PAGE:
God says to Moses: …
Sh’lach l’cha anashim …
Send – but “for yourself” —
The opening words of this week’s portion are commonly translated as, “God spoke to Moses, saying, Send men to scout the land of Canaan … “. But the key words – sh’lach l’cha – literally mean “send for yourself.”
What are we to make of this particular phrasing?
Some commentators look to Deuteronomy (1:22) where Moses says it was the people who asked that scouts be sent. But our portion says it was God who commanded Moses – the “for yourself” part notwithstanding.
To reconcile the two seemingly conflicting accounts – and explain “for yourself” – our sages say it was the people who initially made the demand. God wasn’t interested (“they should have faith” I can hear God saying) but acceded to a request from Moses to satisfy the need of the people to find out about the land with their own – or at least their leaders’ – eyes.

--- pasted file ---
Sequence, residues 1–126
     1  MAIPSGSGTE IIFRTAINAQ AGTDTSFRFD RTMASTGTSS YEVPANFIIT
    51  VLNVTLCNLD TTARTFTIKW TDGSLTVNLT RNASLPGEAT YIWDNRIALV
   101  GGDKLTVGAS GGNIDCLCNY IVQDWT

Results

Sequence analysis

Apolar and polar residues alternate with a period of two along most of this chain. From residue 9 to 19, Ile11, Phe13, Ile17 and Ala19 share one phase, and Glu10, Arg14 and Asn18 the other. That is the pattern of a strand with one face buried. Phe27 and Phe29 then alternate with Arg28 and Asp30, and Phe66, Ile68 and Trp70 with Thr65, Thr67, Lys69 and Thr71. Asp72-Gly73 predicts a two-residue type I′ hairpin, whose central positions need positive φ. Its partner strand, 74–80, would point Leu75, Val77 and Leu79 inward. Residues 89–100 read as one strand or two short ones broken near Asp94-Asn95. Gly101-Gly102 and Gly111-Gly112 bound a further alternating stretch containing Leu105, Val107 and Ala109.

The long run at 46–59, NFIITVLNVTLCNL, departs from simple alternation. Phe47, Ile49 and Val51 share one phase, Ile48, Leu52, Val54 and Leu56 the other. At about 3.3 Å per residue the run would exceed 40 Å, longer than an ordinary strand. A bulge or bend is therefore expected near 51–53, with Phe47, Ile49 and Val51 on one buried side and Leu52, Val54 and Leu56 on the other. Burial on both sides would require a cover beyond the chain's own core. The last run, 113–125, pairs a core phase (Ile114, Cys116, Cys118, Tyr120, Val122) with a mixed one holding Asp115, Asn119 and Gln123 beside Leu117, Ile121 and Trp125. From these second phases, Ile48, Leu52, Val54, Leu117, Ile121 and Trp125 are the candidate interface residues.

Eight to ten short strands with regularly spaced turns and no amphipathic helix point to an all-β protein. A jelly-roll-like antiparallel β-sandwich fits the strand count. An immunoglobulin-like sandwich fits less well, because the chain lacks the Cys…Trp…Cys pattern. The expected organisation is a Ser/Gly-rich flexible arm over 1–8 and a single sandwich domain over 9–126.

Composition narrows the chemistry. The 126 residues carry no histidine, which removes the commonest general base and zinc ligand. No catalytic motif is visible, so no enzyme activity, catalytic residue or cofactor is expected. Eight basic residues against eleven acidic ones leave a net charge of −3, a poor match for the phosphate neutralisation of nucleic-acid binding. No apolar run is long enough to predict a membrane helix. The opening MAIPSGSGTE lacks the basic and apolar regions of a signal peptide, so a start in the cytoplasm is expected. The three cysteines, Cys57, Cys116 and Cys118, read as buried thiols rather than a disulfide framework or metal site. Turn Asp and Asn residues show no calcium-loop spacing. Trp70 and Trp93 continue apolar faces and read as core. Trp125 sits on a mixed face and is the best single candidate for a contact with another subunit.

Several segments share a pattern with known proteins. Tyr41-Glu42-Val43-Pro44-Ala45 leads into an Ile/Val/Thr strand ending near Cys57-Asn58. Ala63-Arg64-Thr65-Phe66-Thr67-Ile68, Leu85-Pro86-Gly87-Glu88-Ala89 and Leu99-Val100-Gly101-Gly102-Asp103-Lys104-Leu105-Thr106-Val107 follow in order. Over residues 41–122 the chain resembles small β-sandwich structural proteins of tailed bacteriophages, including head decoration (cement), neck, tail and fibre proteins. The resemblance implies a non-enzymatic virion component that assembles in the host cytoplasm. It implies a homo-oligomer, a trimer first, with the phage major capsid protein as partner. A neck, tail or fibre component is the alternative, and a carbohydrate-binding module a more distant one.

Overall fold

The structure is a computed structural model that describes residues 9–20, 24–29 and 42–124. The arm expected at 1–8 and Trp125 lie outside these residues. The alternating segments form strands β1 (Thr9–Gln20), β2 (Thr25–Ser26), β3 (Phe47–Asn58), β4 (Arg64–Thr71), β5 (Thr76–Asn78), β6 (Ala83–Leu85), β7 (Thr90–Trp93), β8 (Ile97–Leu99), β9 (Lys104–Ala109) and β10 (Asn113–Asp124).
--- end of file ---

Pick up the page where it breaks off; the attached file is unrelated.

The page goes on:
Rashi suggests God knew the result would not be good. After hearing from the people, Moses consulted with God, who told him “I already told them it was good, when I promised them I would take them to a land flowing with milk and honey. Now, I swear, I will give them a chance to be steered wrong by these spies and not possess it.”
The episode of the scouts is identified as the event that led to 40 years of wandering. After all, the decree came after the spies negative report and seemed to be God’s compromise with Moses from the original decision that the people would be destroyed. (Numbers 14:11-24).
But the midrash recounted above suggests it was a sort of ploy by God to provide an excuse for a decision that had already been made. Does God really need such excuses? Or is this story intended to help us understand God’s punishment?
The Torah In Haiku
by Ed Nickow • www.thetorahinhaiku.com